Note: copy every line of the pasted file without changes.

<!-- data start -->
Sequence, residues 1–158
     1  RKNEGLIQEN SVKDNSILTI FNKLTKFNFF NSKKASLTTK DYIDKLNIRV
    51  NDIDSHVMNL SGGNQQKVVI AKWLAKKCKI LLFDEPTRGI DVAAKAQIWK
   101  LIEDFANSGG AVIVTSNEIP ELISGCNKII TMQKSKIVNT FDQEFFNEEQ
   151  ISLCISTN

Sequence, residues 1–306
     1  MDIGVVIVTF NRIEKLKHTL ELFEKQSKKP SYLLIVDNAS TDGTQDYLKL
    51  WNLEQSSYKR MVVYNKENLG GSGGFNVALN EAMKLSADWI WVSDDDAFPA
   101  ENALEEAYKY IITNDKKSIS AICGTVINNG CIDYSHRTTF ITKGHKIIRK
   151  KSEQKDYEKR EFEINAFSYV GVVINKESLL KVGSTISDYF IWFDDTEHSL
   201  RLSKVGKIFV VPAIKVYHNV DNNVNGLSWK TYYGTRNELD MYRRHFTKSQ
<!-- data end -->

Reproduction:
Sequence, residues 1–158
     1  RKNEGLIQEN SVKDNSILTI FNKLTKFNFF NSKKASLTTK DYIDKLNIRV
    51  NDIDSHVMNL SGGNQQKVVI AKWLAKKCKI LLFDEPTRGI DVAAKAQIWK
   101  LIEDFANSGG AVIVTSNEIP ELISGCNKII TMQKSKIVNT FDQEFFNEEQ
   151  ISLCISTN

Sequence, residues 1–306
     1  MDIGVVIVTF NRIEKLKHTL ELFEKQSKKP SYLLIVDNAS TDGTQDYLKL
    51  WNLEQSSYKR MVVYNKENLG GSGGFNVALN EAMKLSADWI WVSDDDAFPA
   101  ENALEEAYKY IITNDKKSIS AICGTVINNG CIDYSHRTTF ITKGHKIIRK
   151  KSEQKDYEKR EFEINAFSYV GVVINKESLL KVGSTISDYF IWFDDTEHSL
   201  RLSKVGKIFV VPAIKVYHNV DNNVNGLSWK TYYGTRNELD MYRRHFTKSQ